“As much as technology needs to speak for itself, millennials still want to know they can pick up the phone, someone’s going to immediately answer and they will be great and knowledgeable,” Mr. Klein said.

CommonBond recruits customer service representatives from universities like Duke, Cornell, and Penn, he added.

“They are an empowered and intelligent group that can deal with any issue.”

The final important component is the technology. Some designers are overly reliant on technology for its own sake. Mr. Klein said any technology being introduced needs to deliver on two fronts.

“Simplicity and speed are really important to millennials.”

Applicants can easily employ CommonBond’s technology to get pricing in as little as five minutes, Mr. Klein said.

Of course having a great product is not enough. You have to be able to reach your client base. David Klein believes CommonBond has done an excellent job of reaching a group many struggles to attract.

The road has to travel through social media. Many companies try to unlock the secret of using it and many of them fail.

“One of the things we’re proud of is on the paid side we’ve been able to crack that nut and heavily leverage social media,” Mr. Klein said. “That is why it is our largest source of the acquisition on the product development side.”

“Our market is millennials, and we’re founded by millennials. We have a lot in-house and we’ve hired many too.”

In some respects using social media to market to millennials is second hand for a generation immersed in it.

“‘It’s not a strategy it’s who we are’ is a good way to put it,” Mr. Klein said.

He said he does not know if millennials are harder to market to per se.

“Like anything else if you get it it’s easier if you don’t its harder.”

Mr. Klein believes millennials have high standards for each of the top five factors and that any company wishing to capture the segment has to deliver extremely well if not the best in all of them.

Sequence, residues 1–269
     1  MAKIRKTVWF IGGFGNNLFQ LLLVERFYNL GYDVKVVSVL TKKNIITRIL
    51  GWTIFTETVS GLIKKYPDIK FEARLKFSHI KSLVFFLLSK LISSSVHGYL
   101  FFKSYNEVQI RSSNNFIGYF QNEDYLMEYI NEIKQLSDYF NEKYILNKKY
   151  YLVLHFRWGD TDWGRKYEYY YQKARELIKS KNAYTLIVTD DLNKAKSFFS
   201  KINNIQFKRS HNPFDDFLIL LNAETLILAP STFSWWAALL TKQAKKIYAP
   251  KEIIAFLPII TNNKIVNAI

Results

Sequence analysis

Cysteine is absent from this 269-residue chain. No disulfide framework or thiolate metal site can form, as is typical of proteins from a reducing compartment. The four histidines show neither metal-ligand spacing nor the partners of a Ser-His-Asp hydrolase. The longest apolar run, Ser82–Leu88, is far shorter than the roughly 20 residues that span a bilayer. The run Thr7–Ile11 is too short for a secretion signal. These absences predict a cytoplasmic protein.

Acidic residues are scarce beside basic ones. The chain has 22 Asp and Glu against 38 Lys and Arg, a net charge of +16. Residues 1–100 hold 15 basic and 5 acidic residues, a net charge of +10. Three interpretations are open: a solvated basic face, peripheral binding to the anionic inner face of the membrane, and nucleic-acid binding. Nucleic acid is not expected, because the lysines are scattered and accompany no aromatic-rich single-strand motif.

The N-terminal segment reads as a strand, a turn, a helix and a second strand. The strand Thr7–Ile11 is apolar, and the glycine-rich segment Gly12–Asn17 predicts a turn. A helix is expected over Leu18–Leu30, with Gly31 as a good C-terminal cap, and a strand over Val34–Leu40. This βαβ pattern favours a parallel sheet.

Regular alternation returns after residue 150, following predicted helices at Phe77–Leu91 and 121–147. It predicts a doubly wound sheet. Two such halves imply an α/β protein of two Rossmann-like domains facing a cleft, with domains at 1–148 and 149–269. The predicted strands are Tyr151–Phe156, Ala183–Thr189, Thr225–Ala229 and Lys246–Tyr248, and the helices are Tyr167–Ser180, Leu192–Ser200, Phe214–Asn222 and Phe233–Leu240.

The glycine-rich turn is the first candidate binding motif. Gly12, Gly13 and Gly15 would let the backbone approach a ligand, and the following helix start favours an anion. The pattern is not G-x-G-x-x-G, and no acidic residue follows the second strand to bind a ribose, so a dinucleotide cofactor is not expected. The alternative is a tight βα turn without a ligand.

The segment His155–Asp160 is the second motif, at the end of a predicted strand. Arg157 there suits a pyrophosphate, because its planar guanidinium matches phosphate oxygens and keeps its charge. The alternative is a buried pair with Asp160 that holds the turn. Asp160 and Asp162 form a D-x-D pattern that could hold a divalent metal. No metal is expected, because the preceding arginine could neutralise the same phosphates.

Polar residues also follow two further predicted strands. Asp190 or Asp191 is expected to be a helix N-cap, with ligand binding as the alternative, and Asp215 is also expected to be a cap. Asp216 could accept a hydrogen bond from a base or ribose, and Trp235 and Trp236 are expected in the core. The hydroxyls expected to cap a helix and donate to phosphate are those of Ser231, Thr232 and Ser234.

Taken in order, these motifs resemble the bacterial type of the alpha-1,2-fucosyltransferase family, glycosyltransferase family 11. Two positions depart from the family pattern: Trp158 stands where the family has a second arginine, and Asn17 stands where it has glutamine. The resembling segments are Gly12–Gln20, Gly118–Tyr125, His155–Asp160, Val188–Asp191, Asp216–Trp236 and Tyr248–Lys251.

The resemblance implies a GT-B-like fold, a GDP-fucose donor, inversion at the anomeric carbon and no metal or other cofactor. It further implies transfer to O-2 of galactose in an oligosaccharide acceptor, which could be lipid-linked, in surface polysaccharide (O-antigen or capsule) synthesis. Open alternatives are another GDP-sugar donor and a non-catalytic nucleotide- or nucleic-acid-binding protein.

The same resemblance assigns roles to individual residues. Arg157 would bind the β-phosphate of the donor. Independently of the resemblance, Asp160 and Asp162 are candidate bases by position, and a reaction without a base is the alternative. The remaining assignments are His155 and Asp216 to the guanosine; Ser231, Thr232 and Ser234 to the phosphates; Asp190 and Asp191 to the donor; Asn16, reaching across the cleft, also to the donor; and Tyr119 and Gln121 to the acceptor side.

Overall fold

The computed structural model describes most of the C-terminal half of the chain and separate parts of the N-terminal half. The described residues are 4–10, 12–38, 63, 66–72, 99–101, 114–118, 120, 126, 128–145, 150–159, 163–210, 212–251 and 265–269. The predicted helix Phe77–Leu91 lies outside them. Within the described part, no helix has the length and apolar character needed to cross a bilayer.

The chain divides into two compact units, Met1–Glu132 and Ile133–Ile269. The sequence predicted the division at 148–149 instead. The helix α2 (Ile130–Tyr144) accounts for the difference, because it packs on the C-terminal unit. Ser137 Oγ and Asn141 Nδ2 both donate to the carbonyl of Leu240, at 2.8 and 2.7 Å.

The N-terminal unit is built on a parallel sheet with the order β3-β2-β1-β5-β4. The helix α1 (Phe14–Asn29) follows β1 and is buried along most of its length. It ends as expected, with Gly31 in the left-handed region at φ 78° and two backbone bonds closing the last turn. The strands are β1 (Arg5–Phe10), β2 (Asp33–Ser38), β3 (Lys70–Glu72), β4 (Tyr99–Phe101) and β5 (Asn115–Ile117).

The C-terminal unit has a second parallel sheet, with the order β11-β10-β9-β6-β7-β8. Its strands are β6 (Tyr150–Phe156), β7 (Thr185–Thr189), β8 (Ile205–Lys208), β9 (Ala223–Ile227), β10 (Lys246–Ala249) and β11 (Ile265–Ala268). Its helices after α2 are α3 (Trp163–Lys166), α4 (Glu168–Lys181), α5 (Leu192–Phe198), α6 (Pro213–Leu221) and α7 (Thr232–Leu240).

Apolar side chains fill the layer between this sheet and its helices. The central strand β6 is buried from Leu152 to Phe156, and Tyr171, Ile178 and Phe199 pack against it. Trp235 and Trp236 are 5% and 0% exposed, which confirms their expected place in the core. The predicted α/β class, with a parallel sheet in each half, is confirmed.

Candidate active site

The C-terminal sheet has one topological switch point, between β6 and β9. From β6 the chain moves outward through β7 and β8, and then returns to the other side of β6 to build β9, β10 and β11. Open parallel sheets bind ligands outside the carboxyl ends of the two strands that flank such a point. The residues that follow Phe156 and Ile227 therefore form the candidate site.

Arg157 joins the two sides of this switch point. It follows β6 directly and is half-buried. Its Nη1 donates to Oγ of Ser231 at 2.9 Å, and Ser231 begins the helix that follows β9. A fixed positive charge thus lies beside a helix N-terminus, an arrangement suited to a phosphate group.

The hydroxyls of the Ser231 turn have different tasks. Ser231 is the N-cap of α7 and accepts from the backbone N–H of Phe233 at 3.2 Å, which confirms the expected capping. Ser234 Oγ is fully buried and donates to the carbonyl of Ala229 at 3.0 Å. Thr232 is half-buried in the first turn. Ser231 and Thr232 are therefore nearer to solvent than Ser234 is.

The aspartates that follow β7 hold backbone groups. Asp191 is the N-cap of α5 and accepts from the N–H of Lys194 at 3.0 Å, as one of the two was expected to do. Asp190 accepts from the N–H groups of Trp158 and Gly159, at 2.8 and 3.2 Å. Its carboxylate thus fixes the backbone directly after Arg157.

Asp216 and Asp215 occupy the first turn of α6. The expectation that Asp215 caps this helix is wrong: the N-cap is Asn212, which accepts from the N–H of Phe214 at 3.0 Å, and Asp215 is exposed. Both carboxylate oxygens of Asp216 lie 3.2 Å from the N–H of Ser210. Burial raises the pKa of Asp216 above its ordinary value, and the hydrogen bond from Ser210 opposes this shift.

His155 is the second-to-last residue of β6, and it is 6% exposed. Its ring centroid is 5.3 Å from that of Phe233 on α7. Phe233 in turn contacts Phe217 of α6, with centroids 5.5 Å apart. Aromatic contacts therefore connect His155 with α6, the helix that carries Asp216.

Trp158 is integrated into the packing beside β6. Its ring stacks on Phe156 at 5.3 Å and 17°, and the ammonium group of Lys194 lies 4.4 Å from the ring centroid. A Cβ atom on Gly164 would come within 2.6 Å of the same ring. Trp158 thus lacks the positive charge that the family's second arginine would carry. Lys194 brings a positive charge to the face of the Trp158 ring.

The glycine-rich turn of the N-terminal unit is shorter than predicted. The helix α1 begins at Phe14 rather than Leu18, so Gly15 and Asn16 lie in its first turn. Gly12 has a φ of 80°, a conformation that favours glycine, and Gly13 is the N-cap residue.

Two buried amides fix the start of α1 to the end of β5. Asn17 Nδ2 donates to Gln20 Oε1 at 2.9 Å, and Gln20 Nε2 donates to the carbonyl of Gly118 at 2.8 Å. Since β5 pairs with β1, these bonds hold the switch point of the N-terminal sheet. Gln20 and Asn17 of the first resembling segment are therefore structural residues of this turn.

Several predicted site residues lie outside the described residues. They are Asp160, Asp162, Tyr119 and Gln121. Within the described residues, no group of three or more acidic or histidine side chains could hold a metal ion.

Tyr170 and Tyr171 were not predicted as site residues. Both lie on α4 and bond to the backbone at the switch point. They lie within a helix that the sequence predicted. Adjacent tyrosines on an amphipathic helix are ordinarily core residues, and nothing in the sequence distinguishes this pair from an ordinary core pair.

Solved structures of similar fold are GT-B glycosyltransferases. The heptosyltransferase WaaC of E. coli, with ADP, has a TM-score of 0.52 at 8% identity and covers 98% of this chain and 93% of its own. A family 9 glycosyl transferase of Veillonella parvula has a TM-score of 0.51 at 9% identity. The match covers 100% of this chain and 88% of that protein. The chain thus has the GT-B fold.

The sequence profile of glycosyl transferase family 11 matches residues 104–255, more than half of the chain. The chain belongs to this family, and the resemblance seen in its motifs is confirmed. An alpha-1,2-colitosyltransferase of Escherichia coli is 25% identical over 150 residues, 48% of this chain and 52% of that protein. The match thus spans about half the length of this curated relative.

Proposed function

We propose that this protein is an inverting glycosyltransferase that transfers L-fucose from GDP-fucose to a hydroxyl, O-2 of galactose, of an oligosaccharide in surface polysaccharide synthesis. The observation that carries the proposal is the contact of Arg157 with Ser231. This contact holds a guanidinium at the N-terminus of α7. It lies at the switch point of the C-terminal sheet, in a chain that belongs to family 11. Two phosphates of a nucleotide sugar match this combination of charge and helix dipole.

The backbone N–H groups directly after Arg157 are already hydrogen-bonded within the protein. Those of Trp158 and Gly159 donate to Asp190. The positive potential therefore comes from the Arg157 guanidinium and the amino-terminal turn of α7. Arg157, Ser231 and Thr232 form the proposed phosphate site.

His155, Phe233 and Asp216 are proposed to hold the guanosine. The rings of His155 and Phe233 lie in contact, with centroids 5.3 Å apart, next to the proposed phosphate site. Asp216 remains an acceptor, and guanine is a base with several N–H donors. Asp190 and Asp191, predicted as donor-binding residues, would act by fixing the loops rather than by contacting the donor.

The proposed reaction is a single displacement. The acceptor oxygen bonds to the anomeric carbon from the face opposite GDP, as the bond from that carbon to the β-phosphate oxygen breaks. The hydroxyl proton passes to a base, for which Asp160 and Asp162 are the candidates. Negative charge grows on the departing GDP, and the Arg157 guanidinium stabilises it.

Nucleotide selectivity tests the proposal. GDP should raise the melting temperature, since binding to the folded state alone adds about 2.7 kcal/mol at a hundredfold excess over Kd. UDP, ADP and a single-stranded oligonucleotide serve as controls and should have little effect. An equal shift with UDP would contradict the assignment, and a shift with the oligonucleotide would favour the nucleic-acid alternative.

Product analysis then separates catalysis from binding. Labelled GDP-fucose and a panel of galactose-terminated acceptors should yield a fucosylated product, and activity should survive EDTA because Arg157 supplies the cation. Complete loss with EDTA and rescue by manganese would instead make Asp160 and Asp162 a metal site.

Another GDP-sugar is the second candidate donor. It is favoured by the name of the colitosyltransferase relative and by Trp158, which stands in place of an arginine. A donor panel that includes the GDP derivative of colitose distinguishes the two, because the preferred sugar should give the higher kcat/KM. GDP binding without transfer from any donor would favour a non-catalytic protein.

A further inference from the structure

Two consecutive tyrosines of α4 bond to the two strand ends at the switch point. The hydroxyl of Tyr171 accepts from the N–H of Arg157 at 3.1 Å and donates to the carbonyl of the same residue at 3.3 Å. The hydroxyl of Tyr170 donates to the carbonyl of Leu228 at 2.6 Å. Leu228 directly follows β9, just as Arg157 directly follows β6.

The timing of the financial crisis played a key role in this shift, Mr. Klein said. The first millennials came of age just before and during the crisis seven years ago.

“We saw traditional financial system almost bring the world economy to its knees based on who was in power, what was important to them and what they valued,” he said.

This fostered a growing disconnect between an increasingly socially conscious generation and a financial system that had less and less to offer them.

“A recent survey revealed 71 percent of millennials would rather visit their dentist than their bank,” Mr. Klein said. “One third also see a world with no need for banks.”

Banks have incurred billions of dollars in fines for various misdeeds and more are on the way, so Mr. Klein said they have not exactly gotten off unscathed. Their efforts to delay further penalties will undermine their credibility with millennials in another way too.

“More fines will just validate the belief traditional banks are not serving millennials well,” he explained.

Those that aim to serve millennials well will have to pay more attention to their brand than they did in the past, Mr. Klein believes.

“In banking and emerging fintech moving forward I do believe brand becomes increasingly important. Those platforms that have a brand that means something to borrowers will win.”

“Our social mission is part of who we are. You can’t remove it without removing a large part of ourselves and our brand.”

CommonBond has established a Social Impact Award, which they’re awarding to the country’s top MBA social entrepreneur next month. Nominations are currently open, and the winning entrepreneur, who will be determined on Aug. 6, will receive $10,000 to put toward their venture. Those interested can go to the award website.

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3 Comments